I assume you are familiar with the recent Purdue University and Israel Geological Survey studies? Here are some links:
Decay is affected by the sun's core:http://arxiv.org/abs/1205.0205
Decay is affected by solar flares:Solar Flares, Radioactive Decay, and The Age of the Earth - eNews for March 05, 2013
Only short-life isotopes have been mentioned in those studies, the effects on the longer life isotopes, those used to measure earth's earliest rocks, are not discussed. But what can be seen is that there is a negative relationship between speed of decay and penetration of the earth's magnetic field. Slight changes to penetration (flares/seasons/suns core) cause slight changes to decay rates.
Yes, I'm familiar with Fischbach's claims. Some comments:
1) Fischbach has been involved with other crazy-sounding theories going back many years, such as a search for a "fifth force".
2) Fischbach is largely a phenomenologist. This means that he starts with the experimental data of others and tries to find patterns that they have missed. The danger is that a phenomenologist is not intimately familiar with the experiments. Often the phenomenologist is the one who is missing things, not the original experimenters. And a phenomenologist rarely has a theoretical justification for his suggestions.
3) when I looked into Fischbach's claims a few years ago, I found that others had claimed to disprove him, and that he had claimed to disprove them, and that this went back and forth. At the least, this causes extreme doubt for his claims. (sorry; I can't find these references in the limited time that I have at the moment. Maybe someone else can find and post links to them?)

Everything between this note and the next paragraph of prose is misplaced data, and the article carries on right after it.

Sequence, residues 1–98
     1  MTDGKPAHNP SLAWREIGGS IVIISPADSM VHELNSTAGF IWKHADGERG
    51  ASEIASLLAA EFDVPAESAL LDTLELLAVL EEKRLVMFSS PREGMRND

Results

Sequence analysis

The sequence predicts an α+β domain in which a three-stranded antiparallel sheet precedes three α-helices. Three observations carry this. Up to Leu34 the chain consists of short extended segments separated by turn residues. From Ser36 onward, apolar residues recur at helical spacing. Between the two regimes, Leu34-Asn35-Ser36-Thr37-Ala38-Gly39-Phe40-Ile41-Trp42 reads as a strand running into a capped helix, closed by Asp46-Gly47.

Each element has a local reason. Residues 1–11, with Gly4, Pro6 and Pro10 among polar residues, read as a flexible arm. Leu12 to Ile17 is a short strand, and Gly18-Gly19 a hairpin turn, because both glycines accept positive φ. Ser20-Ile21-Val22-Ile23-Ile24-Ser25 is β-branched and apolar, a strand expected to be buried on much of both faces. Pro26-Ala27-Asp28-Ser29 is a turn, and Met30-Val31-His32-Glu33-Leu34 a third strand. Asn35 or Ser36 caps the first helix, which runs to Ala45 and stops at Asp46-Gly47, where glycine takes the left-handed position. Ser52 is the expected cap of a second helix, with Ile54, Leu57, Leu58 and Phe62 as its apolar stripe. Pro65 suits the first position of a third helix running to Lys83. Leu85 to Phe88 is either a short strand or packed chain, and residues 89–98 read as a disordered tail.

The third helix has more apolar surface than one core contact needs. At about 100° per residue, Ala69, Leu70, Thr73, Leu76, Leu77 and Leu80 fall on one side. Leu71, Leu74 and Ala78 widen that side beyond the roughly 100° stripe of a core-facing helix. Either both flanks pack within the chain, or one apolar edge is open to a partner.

4) my tentative explanation for the very small periodic signals that Fischbach saw in the BNL decay data is a changing measurement sensitivity, not a changing decay rate. I suspect that the detectors (plastic scintillators?) that they used to measure the decay had a slight sensitivity to temperature or humidity, causing a seasonal variation in the decays that they were able to detect.
Edited by kbertsche, : No reason given.
"Science without religion is lame, religion without science is blind." — Albert Einstein
I am very astonished that the scientific picture of the real world around me is very deficient. It gives us a lot of factual information, puts all of our experience in a magnificently consistent order, but it is ghastly silent about all and sundry that is really near to our heart, that really matters to us. It cannot tell us a word about red and blue, bitter and sweet, physical pain and physical delight; it knows nothing of beautiful and ugly, good or bad, God and eternity. Science sometimes pretends to answer questions in these domains, but the answers are very often so silly that we are not inclined to take them seriously. — Erwin Schroedinger